Those who fared best stressed financial planning over asset management.

Contrary to popular mythology, not every financial advisor survived the great bear market of the last three years. And those who did were put to a test that turned out to be more severe than they had ever expected.

A recent advisor benchmarking study conducted by Rydex Funds manages to quantify some of the pain. Between, 1999 and 2002, RIA firms suffered an 18.4% decline in their assets under management, falling from an average of $87 million to $71 million. Revenues dropped almost 12% to $795,000, profits dropped by 26% to $210,000 and profit margins contracted by about 25%.

But advisors' performance was uneven. While some were forced out of the business, others managed to grow. According to the Rydex study, RIAs saw their client base increase by 8.1% in 2001 and a remarkable 21.7% in 2002, as shell-shocked investors sought help in unprecedented numbers. Interviews with advisors who survived and with one who didn't reveal a lot about this emerging profession and which firms were built to last.

Gary Freiberg, a former registered rep now living in San Luis Obispo, Calif., remembers the markets of 2000-2002: "When the market changed [in 2000], I opted to stick with the fundamentals, to stay diversified. In previous downturns, markets recovered quickly and, this time, everyone expected the same thing to happen. At some point, I was sure it couldn't go down much more. I remember thinking ... 'I can't sell now because my clients will have all these losses,' so I didn't do major overhauls of my portfolios. I stuck with what I believed were good four- and five-star funds. I believed in the expertise of the managers I'd selected. As a result, I lost clients, some big ones. Maybe they were hoping someone else could get a better result or, in a couple of cases, they decided to self-manage their portfolios at Schwab. It was disheartening to talk to clients when I had nothing good to say. My credibility was irrevocably damaged when we did poorly ... along with the market and the entire securities industry."

Now the owner of a successful start-up business totally unrelated to financial services, Freiberg says he cared deeply for his 250 clients and respected the trust they'd put in him, but didn't see any alternative to selling his business. In 2001, when he first considered selling, Freiberg listed his business with, the industry's premier market-maker for financial advisory practices. David Grau, FPTransitions' president, explains that Freiberg wasn't ready to finalize a sale for about a year and a half after he initially listed. "By then," says Grau, "his annual revenues were off by about a third, and his initial listing price was down 55% reflecting the recent, sharp decline in his revenue numbers."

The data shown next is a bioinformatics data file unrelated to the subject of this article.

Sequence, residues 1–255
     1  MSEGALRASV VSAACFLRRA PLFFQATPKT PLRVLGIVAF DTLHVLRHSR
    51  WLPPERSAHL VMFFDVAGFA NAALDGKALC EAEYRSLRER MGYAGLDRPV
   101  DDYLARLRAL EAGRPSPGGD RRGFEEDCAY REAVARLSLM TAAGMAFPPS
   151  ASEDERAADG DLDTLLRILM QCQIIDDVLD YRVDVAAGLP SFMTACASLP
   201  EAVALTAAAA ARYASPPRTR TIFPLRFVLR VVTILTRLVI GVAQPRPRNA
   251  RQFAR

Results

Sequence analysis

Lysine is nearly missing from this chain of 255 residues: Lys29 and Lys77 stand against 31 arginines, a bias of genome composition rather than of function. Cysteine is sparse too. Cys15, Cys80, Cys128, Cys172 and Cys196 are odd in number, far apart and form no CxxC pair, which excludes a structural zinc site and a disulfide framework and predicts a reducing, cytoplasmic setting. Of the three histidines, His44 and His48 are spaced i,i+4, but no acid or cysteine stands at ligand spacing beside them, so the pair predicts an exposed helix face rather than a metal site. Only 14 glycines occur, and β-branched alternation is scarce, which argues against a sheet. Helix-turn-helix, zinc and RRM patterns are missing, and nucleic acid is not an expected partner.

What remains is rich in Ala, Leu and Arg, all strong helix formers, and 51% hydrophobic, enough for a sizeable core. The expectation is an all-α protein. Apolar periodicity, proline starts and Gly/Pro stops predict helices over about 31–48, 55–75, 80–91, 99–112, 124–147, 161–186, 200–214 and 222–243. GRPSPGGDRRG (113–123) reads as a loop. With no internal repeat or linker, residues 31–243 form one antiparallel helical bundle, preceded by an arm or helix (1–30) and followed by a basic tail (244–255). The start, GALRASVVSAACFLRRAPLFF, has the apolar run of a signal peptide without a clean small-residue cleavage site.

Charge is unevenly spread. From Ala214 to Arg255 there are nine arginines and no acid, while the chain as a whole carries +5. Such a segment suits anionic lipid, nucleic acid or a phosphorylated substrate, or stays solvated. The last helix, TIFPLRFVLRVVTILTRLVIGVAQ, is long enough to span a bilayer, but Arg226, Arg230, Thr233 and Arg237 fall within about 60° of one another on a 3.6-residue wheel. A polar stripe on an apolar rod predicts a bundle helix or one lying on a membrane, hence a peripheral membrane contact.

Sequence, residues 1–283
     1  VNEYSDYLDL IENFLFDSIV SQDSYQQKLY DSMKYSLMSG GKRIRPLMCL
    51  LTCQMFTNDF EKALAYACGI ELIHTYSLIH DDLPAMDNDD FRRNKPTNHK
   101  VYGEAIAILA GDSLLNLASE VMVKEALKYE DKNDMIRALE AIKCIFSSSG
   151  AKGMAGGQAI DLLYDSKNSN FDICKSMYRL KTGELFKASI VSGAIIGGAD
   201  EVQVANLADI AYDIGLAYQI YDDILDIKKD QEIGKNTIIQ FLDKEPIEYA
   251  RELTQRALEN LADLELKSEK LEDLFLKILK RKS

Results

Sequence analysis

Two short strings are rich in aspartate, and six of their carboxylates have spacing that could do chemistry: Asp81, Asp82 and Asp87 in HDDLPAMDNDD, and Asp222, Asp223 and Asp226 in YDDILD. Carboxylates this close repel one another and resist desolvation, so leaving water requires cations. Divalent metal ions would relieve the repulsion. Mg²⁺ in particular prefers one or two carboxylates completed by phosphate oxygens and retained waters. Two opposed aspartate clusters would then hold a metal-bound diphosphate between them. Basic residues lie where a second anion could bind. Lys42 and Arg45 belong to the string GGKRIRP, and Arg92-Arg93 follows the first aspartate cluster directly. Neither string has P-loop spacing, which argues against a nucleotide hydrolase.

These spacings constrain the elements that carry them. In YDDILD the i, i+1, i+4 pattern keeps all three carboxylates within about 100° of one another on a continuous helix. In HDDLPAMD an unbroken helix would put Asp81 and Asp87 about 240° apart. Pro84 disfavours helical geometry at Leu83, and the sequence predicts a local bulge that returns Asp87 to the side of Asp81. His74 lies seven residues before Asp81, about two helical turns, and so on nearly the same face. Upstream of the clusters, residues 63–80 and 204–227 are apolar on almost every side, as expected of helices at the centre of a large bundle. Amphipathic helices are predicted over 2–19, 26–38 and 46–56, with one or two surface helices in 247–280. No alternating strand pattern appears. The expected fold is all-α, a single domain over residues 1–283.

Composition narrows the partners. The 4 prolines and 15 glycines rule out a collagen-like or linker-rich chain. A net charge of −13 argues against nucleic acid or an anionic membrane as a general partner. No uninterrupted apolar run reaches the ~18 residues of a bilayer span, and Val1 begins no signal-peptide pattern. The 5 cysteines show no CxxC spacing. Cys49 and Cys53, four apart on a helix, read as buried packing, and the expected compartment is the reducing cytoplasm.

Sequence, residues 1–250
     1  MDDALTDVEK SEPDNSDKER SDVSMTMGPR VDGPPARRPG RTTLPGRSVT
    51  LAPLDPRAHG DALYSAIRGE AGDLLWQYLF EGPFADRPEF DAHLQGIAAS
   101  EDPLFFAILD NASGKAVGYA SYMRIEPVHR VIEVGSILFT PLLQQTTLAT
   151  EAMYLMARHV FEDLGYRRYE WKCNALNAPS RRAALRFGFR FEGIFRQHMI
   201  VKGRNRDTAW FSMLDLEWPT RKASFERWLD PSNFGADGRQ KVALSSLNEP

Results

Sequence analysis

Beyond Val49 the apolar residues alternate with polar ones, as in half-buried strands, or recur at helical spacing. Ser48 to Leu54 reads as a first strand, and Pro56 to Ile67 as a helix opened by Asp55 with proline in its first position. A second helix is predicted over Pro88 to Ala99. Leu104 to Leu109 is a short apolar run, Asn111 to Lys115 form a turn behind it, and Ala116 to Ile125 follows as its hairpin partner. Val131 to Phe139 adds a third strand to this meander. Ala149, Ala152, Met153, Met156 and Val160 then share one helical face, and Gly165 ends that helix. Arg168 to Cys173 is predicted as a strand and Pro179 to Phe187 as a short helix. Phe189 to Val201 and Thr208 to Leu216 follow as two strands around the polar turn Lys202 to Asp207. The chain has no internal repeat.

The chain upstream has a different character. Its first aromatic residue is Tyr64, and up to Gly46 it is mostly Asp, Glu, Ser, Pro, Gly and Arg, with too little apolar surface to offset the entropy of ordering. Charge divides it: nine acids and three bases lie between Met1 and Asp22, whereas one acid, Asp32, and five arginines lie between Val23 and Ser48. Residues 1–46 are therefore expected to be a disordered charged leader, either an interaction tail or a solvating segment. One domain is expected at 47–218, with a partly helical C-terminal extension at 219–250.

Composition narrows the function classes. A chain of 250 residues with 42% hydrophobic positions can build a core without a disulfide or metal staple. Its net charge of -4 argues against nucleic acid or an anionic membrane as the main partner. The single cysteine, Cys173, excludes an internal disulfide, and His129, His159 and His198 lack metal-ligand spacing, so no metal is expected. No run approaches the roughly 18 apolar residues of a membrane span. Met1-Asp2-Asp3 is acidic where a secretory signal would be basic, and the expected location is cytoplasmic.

How could this have happened? Freiberg was certainly not the only advisor forced out of the industry by poor investment performance and dwindling client numbers. But at the same time, many other advisors not only stayed in the industry, but thrived during the 2000-2002 market. The answer may go back to the predictions made in the mid-'90s by of a small number of astute observers. What they said was that advisors gathering assets without providing a solid foundation of financial planning advice will suffer if and when a market downturn arrives.

Says Freiberg, "I viewed myself as an investment advisor. The label 'financial planner' had the connotation of working on budgets. I figured wealthy clients had reached their level of wealth without my needing to work on their budgets with them, and financial planning was unnecessary."

While Freiberg's perception may have fairly characterized his clients' own perceptions of themselves, some would argue that he nevertheless should have overridden his clients' possible objections to financial planning in order to create more stability for his business.

Says Jeffrey Hill, CFP with LPL Financial Services in Denver, Colo., "I've provided financial planning services through the market downtown and believe it's been integral to maintaining clients. I've lost only a couple of clients due to low returns, and they were clients with whom I didn't take a holistic approach. They were just money management clients with no financial plan."

Charles Foster, one half of Blankinship & Foster in Del Mar, Calif., can empathize: "We lost a number of clients in 1999 and 2000, maybe 14 out of 250, the ones who'd come in in 1997 and 1998 and didn't want us to do any financial planning."

First « 1 2 3 » Next